Listen closely when you are talking to yourself. Choose to believe what you think when it is supportive of your highest interests and challenge the rest. Do you really believe that your troubles are everyone else's fault, or there's nothing you can do to feel better?
Tell yourself the truth, even if you do not believe it or like it. Fake it until you do believe it. Eventually your subconscious will get on board. You can actually interrupt the flow shown in the graphic above at any point, but thought is probably the easiest. If you write down your thoughts and read them back to yourself (maybe pretend they belong to someone else), you may get a better idea if they are thoughts that are helping or hindering, or if they are rational or nonsensical.
When your inner talk eludes you, look at the emotions and feelings you are experiencing, your actions, and the results you are getting. How are you feeling - happy, sad, angry, passive? What are you doing or not doing? Your emotions and actions will provide strong clues about your belief systems and how you are unconsciously talking to yourself.
You can spend a lot of time analyzing your inner talk, but what really matters is the impact those thoughts have on your life. Realize that talking to yourself is really talking to your Self. Your spirit and your subconscious mind listen and respond accordingly.
What you believe, and therefore tell yourself, guides you to make wise decisions, or those based on fear and old subconscious programs. They can cause you to either continue habits and behaviors that keep you on the road to poor health, or they can help you create a healthier, happier life.


Family Support: We’re all in this together
The main challenges in the early phase of treatment are fear, denial, and stigma. People with bipolar are often reluctant to give up the “great high”, increased energy and inflated self-esteem they feel when in a manic mood zone. But they also may feel the stigma against having a mental health condition and receiving treatment for it. Facing fears, denial, and stigma alongside your loved one builds a spirit of confronting the bipolar condition, instead of confronting the person. For example, fear of losing control is common. So rather than saying, “You’re in denial about bipolar,” it’s better to say something like, “I know this diagnosis is difficult for you. What are you afraid of losing if you go to treatment?” An open conversation, especially with the help of a professional, can support positive feelings that no one is alone in the treatment process.

In post-stabilization therapy, all can benefit from what I call the “Grand
Bargain”, this means everyone agrees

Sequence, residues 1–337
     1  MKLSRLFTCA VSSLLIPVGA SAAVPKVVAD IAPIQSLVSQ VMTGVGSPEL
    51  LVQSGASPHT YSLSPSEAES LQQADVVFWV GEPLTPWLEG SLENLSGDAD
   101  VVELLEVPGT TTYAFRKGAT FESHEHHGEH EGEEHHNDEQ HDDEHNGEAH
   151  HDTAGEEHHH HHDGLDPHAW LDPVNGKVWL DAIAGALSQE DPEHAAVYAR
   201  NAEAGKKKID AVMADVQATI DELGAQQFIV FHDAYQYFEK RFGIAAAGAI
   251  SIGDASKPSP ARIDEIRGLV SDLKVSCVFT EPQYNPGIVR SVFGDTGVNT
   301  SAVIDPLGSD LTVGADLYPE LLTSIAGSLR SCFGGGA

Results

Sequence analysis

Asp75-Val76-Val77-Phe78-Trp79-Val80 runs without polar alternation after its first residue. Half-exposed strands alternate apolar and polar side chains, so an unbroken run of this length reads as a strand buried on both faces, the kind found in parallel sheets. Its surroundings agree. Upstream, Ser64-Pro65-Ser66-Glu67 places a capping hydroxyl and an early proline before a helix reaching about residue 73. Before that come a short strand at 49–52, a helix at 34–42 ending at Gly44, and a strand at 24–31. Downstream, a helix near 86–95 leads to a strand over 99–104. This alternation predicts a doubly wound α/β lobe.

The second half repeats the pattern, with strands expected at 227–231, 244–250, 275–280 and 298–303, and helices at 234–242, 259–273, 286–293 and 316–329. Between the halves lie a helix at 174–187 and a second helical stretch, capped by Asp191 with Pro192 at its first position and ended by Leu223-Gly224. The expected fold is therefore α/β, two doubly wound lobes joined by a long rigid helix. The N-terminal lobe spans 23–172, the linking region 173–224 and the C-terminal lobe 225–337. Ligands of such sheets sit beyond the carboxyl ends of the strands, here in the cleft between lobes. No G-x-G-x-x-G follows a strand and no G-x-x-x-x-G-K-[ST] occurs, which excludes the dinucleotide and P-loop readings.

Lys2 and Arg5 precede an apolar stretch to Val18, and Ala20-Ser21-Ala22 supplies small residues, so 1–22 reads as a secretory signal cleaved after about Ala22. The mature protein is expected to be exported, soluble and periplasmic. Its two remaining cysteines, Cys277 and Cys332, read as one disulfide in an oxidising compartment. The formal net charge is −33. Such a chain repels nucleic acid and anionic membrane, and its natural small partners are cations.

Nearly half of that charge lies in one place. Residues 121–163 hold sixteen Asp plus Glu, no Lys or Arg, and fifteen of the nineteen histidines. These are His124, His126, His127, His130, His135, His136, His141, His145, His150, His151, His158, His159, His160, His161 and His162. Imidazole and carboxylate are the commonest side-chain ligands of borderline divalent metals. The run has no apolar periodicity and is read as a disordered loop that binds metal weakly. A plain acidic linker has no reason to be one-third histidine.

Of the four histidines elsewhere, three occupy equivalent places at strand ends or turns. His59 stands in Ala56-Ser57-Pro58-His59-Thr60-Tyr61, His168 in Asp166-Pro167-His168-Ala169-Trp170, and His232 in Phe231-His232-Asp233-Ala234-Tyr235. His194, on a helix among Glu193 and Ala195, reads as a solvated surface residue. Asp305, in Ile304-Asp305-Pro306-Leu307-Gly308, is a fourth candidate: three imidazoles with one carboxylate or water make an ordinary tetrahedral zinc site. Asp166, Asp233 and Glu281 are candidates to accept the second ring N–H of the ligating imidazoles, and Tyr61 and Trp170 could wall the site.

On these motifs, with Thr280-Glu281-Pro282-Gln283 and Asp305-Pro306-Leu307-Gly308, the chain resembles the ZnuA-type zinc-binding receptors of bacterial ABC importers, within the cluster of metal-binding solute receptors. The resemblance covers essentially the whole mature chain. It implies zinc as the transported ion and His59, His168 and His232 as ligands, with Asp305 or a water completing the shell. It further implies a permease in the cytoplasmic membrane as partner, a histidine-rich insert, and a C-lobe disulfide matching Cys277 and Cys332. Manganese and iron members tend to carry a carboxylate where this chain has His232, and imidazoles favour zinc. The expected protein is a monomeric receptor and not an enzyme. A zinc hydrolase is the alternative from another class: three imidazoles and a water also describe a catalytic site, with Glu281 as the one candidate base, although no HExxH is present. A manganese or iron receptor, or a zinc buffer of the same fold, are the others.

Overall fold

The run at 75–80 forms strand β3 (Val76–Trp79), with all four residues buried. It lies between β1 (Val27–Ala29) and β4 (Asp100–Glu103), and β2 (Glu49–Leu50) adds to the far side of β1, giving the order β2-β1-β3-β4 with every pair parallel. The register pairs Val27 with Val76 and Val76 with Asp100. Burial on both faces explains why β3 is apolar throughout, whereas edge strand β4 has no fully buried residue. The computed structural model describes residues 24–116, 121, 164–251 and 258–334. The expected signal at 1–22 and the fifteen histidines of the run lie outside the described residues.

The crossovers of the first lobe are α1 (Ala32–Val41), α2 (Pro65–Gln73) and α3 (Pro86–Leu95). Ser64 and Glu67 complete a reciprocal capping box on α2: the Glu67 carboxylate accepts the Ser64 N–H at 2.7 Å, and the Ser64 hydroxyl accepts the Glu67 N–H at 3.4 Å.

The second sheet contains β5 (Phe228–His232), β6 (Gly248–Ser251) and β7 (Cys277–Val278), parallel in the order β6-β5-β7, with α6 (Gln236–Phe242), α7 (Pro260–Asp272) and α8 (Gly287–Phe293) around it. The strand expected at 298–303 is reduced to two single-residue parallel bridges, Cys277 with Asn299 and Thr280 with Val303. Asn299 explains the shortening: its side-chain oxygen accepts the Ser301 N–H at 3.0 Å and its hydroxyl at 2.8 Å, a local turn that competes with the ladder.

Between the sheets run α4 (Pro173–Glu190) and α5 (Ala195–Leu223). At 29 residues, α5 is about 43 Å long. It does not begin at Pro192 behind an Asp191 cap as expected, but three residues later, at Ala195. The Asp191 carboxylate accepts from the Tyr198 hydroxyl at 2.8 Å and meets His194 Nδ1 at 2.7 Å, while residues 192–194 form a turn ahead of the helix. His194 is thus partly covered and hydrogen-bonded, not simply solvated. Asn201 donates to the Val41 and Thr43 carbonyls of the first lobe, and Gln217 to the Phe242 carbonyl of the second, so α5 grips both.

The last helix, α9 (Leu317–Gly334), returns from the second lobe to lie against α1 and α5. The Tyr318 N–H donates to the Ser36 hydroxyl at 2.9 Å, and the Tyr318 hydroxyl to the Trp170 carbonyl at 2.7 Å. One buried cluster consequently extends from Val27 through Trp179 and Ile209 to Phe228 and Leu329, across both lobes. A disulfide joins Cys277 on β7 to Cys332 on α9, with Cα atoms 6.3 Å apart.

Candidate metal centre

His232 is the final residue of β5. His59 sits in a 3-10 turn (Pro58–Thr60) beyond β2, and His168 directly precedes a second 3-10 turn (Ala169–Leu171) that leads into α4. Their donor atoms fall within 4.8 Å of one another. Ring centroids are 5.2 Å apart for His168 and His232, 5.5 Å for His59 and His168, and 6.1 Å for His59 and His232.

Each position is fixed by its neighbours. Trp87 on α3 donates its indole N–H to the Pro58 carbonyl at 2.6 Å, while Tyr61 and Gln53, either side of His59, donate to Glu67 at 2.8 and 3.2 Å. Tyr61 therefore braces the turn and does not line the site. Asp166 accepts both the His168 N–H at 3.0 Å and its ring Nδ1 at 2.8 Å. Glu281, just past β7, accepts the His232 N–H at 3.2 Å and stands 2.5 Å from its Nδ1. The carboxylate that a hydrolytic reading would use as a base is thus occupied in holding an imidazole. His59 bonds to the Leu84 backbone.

to keep each other apprised of how they feel treatment is going — without thinking that everything about the person is about bipolar. When a person with bipolar is having an emotional reaction to stress, it’s easy to quickly ask. “Are you taking your meds?” People with a mental health condition need the freedom to share emotions, challenges, and life issues honestly without worrying about feeling judged that everything about them is because of their condition. Through the Grand Bargain, I encourage loved ones to instead say something like, “You seem to be having a lot of stress lately. Is there something going on that I can help you with?”
When family members support open dialogue about mental health illnesses --- along with everything else that makes the person who they truly are --- fear and shame are replaced with a new sense of trust and hope for the future.


Bp, Winter, 2019, Michael G. Pipich, MS. LMFT.

Michael G. Pipich is a psychotherapist author of How Patients and Families Can Take Control of Bipolar Disorder. He practices in Denver, Colorado.

NAMI Tulare County works closely with other mental health organizations in our community. These organizations provide supportive, stigma-free environments and peer-led services for individuals who are working towards wellness and recovery.  

Visit our Calendars Page for more information about the activities these organizations are offering for January 2021.
Now more than ever we need your continued support. Let's start this year off with a bang! Shop with AmazonSmile, and Amazon will donate a portion of their earnings to NAMI Tulare County.

AmazonSmile is also available in the Amazon Shopping app. Learn how to generate donations for NAMI Tulare County here.
Help us improve the lives of people affected by mental illness.
Thank you for your support!
Ralph Nelson, President
Sandra Juarez, Vice President
Mary Mederos, Treasurer
Kathy Farrell, Secretary
Donna Grigsby
Karen Mabry
Bruce Nicotero
Elizabeth Vander Meer
Ivy Jones
Ray Lara
Office Hours: Tuesday-Friday 8:00am-2:30pm
Office Phone: (559) 732-6264
Office Cellphone: (559) 967-6168 (best option)